BACKGROUND: The association of social isolation or lack of social network ties in older adults is unknown. This knowledge gap is important since the risk of heart failure (HF) and social isolation increase with age. The study examines whether social isolation is associated with incident HF in older women, and examines depressive symptoms as a potential mediator and age and race and ethnicity as effect modifiers. METHODS AND RESULTS: This study included 44 174 postmenopausal women of diverse race and ethnicity from the WHI (Women’s Health Initiative) study who underwent annual assessment for HF adjudication from baseline enrollment (1993– 1998) through 2018. We conducted a mediation analysis to examine depressive symptoms as a potential mediator and further examined effect modification by age and race and ethnicity. Incident HF requiring hospitalization was the main outcome. Social isolation was a composite variable based on marital/partner status, religious ties, and community ties. Depressive symptoms were assessed using CES-D (Center for Epidemiology Studies-Depression). Over a median follow-up of 15.0 years, we analyzed data from 36 457 women, and 2364 (6.5%) incident HF cases occurred; 2510 (6.9%) participants were socially isolated. In multivariable analyses adjusted for sociodemographic, behavioral, clinical, and general health/functioning; socially isolated women had a higher risk of incident HF than nonisolated women (HR, 1.23; 95% CI, 1.08–1.41). Adding depressive symptoms in the model did not change this association (HR, 1.22; 95% CI, 1.07–1.40). Neither race and ethnicity nor age moderated the association between social isolation and incident HF. CONCLUSIONS: Socially isolated older women are at increased risk for developing HF, independent of traditional HF risk factors.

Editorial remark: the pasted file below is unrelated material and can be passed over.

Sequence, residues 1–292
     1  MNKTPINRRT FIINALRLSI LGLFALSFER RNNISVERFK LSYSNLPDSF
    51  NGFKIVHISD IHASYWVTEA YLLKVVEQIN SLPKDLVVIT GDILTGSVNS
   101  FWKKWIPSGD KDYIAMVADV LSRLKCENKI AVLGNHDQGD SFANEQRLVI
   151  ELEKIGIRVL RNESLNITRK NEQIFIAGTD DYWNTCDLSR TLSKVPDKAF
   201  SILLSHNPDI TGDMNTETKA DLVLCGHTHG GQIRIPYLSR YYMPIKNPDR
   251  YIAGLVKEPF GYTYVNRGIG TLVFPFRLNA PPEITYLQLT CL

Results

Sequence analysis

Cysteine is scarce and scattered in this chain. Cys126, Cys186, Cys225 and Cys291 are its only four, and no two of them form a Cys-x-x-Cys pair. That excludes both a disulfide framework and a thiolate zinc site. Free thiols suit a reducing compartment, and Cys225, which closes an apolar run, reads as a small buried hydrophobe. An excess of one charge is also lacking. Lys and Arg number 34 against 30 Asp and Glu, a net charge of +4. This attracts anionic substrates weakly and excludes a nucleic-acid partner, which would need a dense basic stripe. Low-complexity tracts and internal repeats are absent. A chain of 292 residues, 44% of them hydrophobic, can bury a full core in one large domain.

- heart failure
- older adults
- social isolation
ASJC Scopus subject areas
- Cardiology and Cardiovascular Medicine